Second-round draft picks are really valuable…or so Sixers fans tell themselves shortly before crying themselves to sleep. In all seriousness, a lot of second rounders don’t pan out, and many never even reach the NBA, but that doesn’t mean a player taken in the second round can’t prove to be a valuable player. Indeed, several of the better players in today’s NBA came off the board after the first 30 picks. With that in mind, let’s look at the best second-round picks of the last 15 years. Two important things to note here: Manu Ginobili is not eligible for the list because he was drafted in 1999, and we’re looking exclusively at 21st-century drafts. Frankly, he would’ve been a super-obvious No. 1, so leaving him off the list makes things a bit more dramatic.
Secondly, I thought about Hassan Whiteside (who was selected 33rd overall by the Kings in 2010) for awhile, but ultimately decided to leave him off because sure, he’s playing well now, but he initially fell out of the league. It’s hard to look at someone as truly being a good pick when they’re playing in China two years after being drafted. Plus, his resume is pretty small at this point, and no one’s totally sure if he’s destined for a lengthy NBA career. Now then, on to the fun!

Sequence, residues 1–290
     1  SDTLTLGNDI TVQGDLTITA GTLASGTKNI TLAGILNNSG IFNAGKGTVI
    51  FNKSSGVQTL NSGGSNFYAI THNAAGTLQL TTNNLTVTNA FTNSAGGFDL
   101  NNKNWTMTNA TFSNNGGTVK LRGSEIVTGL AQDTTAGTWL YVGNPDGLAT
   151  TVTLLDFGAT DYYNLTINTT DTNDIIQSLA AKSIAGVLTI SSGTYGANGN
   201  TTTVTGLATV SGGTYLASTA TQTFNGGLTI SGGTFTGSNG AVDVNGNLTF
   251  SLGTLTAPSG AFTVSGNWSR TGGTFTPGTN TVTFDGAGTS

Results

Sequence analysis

15. Amir Johnson – 56th overall pick (2005) – Pistons
The tricky thing about Amir is that while he certainly wasn’t bad as a Piston, it feels like he reached his ceiling after being traded to the Raptors. If we’re being honest, we didn’t really start noticing how good he was until 2013-14, when the post-Rudy Gay Raptors began thriving with Johnson as their starting power forward. He’s a low-usage, high-efficiency player with a solid mid-range game (he’s also become an adequate three-point shooter) who knows exactly what his strengths and weaknesses are. Maybe that’s not something to get super-excited about, but getting this kind of value with the 56th pick in the draft is definitely worth celebrating.
14. Danny Green – 46th overall pick (2009) – Cavs
Green doesn’t average a ton of points a game, but what he gives the Spurs is clearly invaluable, as he ranks as one of the best three-and-D guys in the league. Green is as reliable of a three-point shooter as you’ll ever find, and in San Antonio’s brilliant, motion offense, he’s never short on wide-open looks. Green re-signed with the Spurs for a four-year, $44 million deal this summer. He likely could have gotten a lot more, but he recognized the unique opportunity the Spurs give him, and took a hometown discount.